Maybe it’s dad’s curly hair. Or his ear for music. Somewhere along the line, you’re sure to have noticed a trait you inherited from your father. But did you know that he partly influenced your blood type as well?
Your father and mother both contributed to your DNA, which determined your blood type long before you were born. At conception, you received alleles—pairs or series of genes on a chromosome that establish hereditary characteristics like eye color, dimples, left- or right-handedness, and yes, blood type.
Each parent contributes one of their two blood-type alleles to create a pair of alleles that will establish your blood type. If both your mother and father contributed a Blood Type A allele, you would also be a Blood Type A. Likewise, if they both contributed a Blood Type B allele, you would be Blood Type B, and if both contributed Blood Type Os, you would be Blood Type O. If one contributed a Blood Type A allele and one contributed a Blood Type B allele, however, you would be a Blood Type AB.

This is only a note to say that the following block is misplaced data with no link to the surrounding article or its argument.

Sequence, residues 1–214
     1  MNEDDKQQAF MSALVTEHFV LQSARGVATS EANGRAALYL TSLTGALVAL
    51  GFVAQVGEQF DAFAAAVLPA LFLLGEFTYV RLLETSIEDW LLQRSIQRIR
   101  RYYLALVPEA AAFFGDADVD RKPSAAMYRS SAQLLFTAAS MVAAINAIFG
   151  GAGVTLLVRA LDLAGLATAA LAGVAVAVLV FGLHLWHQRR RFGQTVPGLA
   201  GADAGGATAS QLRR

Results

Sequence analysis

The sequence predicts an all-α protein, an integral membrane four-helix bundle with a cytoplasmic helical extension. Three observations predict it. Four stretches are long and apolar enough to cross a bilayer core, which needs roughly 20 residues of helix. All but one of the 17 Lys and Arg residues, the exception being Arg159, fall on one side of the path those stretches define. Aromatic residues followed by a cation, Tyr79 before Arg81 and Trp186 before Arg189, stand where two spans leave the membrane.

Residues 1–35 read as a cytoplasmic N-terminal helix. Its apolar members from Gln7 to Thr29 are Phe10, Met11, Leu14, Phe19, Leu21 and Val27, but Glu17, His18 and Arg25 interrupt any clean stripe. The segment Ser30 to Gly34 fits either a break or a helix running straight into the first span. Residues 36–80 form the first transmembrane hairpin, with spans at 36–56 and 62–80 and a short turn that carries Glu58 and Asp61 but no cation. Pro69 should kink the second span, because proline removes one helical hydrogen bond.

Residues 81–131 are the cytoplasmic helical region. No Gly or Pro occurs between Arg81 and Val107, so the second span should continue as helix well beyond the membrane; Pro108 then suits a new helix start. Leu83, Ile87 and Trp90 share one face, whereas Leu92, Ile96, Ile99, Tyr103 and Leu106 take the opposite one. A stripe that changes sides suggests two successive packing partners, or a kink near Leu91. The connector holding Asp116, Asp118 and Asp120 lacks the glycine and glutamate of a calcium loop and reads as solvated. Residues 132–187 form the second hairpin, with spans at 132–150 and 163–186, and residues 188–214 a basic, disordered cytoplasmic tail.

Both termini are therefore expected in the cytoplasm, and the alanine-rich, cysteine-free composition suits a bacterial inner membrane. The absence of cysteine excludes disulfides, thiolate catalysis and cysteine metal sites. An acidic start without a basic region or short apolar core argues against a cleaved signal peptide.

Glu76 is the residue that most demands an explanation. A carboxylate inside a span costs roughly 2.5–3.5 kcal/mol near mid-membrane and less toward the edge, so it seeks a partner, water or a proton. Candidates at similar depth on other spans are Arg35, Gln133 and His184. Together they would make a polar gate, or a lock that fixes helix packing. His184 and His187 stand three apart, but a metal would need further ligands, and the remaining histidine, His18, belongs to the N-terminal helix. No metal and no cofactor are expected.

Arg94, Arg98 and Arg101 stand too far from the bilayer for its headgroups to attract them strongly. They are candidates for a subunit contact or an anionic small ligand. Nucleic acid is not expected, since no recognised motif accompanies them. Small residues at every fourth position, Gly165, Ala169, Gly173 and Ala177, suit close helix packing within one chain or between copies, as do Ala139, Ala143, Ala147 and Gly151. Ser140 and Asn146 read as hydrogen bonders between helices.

Now the Tricky Part: Dominant vs. Recessive
With any other possible allele combinations, the outcome is determined by which are Dominant and which are Recessive. Type A and Type B blood are considered genetically “dominant” in comparison to the “recessive” Type O, meaning that when a Blood Type O allele is combined with anything other than another Blood Type O allele, it will submit to the Type A or B. For example, if your mother is Blood Type O and your father is Blood Type B, you will be a Blood Type B.
But Wait, There’s More
Just because your father is Blood Type B, he could still carry a recessive allele for Blood Type O from his own parents. This can add another factor to the equation, as seen in our Punnett Square—a diagram used to predict the genotypes of a particular cross experiment.
As you can see, the chart matches a Type A parent carrying a recessive allele for Type O (top of chart) with a Type B parent also carrying a recessive allele for Type O (left of chart). These parents have a 25% chance of producing a child with Type AB blood, a 25% chance of producing a child with Type A blood, a 25% chance of producing a child with Type B blood and a 25% chance of producing a child with Type O blood.
Back to You and Dad
Because of the various combinations of alleles, including those that are dominant and those that are recessive, you would likely have to go back a few generations to figure out which genotype—combination of alleles—your parents carry. If the science behind it interests you, go for it!
Otherwise, simply thank dad for the characteristics you see mirrored in yourself, and wish him a happy Father’s Day.